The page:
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A call for change

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A new petition calling for New York state to impose stricter driver’s license requirements and frequent renewals for senior drivers has picked up steam, collecting more than 10,000 signatures after the death of a Flushing teenager who was struck and killed by an elderly driver in June while crossing a street in Whitestone.

The petition was started by a Whitestone resident whose wife witnessed a police officer trying to revive 17-year-old Madeline Sershen in the crosswalk and demands more regular testing for elderly drivers, who currently have to renew their driver’s license every eight years, according to the DMV.

The man who started the petition, Julian Ho, is urging the state to shorten the renewal cycle and add a memory or reaction test for drivers over 80 years old to prove they can “continue to remain safely on the road.”

Whether or not this will lead to change remains to be seen. New York City has already implemented measures to prevent pedestrian fatalities on the road with the Vision Zero program. Mayor Bill de Blasio said Vision Zero was responsible for a drop in traffic fatalities to an all-time low, with only 81 recorded deaths in the first six months of 2018.

State Sen. Jose Peralta (D-East Elmhurst) has been an active sponsor of legislation to extend the speed camera program in school zones. But lawmakers in Albany failed to renew the five-year-old program before the legislation session ended June 20, which goes to show that there’s still work to be done.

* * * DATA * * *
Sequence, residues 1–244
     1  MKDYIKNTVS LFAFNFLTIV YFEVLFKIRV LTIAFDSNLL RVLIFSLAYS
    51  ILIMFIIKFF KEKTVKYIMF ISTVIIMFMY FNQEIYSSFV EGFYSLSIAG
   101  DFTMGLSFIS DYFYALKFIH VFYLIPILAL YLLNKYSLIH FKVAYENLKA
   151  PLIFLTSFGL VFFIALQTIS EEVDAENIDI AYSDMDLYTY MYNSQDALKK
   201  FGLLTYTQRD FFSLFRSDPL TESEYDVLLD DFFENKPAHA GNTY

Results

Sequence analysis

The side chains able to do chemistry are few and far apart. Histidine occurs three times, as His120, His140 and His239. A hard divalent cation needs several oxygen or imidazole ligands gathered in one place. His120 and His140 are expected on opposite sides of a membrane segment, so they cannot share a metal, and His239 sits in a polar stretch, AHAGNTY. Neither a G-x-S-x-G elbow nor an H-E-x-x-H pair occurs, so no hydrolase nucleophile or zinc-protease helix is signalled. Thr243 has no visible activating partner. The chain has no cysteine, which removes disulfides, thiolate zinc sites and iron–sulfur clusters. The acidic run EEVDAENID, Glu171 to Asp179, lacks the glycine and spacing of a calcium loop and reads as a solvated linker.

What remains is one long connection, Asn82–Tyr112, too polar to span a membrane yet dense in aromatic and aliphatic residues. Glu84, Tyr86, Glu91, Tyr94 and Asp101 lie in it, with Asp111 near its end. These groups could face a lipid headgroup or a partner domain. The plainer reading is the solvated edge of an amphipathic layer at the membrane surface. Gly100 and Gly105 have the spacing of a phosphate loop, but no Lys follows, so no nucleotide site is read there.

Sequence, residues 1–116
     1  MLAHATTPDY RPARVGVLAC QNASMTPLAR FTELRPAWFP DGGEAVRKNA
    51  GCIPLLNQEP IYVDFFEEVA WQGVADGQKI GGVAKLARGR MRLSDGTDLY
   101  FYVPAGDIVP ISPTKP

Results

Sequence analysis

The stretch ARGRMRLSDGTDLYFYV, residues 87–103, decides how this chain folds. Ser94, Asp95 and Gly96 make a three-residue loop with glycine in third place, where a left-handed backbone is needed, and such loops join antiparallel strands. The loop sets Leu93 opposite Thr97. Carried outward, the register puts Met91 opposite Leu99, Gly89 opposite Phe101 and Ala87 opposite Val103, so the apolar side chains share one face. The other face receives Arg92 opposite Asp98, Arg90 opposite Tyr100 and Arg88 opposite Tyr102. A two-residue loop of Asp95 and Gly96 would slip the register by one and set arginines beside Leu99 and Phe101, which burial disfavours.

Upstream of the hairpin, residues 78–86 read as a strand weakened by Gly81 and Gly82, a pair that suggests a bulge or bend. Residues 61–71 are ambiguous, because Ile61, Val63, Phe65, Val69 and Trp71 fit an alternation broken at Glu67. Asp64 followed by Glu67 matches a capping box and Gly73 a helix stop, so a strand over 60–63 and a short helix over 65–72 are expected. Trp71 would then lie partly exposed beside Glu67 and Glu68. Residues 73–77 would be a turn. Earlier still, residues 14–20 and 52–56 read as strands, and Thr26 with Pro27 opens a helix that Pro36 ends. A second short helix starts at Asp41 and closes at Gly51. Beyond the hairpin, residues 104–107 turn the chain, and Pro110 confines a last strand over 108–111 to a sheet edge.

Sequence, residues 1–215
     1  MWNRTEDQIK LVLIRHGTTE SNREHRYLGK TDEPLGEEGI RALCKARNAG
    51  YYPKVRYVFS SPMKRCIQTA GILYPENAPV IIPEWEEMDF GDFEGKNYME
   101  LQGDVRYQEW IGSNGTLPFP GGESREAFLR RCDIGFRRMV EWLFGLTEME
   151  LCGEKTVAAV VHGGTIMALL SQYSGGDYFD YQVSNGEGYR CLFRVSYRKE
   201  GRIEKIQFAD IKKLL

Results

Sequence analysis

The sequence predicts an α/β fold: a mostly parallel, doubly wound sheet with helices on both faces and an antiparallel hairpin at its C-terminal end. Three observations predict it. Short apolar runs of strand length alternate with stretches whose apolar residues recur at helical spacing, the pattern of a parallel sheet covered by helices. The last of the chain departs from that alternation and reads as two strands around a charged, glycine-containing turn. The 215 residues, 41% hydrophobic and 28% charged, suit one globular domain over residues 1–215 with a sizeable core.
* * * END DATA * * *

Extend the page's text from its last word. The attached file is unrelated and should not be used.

But will enforcing stricter driver’s license requirements for senior drivers help further lessen the number of traffic fatalities in Queens and throughout the city? Probably. Though it’s impossible to completely eliminate traffic fatalities, ensuring that there are safe drivers on the road is a step in the right direction.

This would not be a witch hunt to take away seniors’ driver’s licenses, but rather a way to make sure that they are fit to drive. Having frequent tests to renew licenses would allow drivers to earn the right to keep their licenses. And this should not apply to just seniors. All drivers should be required to take tests to keep their licenses. It may be a hassle for some, but if a new, tougher policy helps save lives, it would be well worth it.

Ho, and members of Sershen’s family, hope the petition will gain some momentum and lead to change, so Madeline’s untimely death was not in vain.

“There’s nothing we can do to bring Maddie back, but if we can save this from happening to someone else, then for us it’s a victory,” said Rita Barravecchio, Sershen’s aunt.

Posted 12:00 am, July 13, 2018
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Reader feedback

Dwayne from Queens says:
Examinations should also be included for Alzheimer's Disease, Parkinson's Disease, dementia. and other brain-deteriorating illness.
July 13, 8:38 am
Jerry from Maspeth says:
Dwayne, you'd be the first one to lose your license if that were the case.
July 13, 11:10 am
then retire at 62 from queens says:
You guys who complain about older drivers expect people to work until age 70 but you don't think they can drive well at that age. Can't have it both ways.
July 13, 3:21 pm

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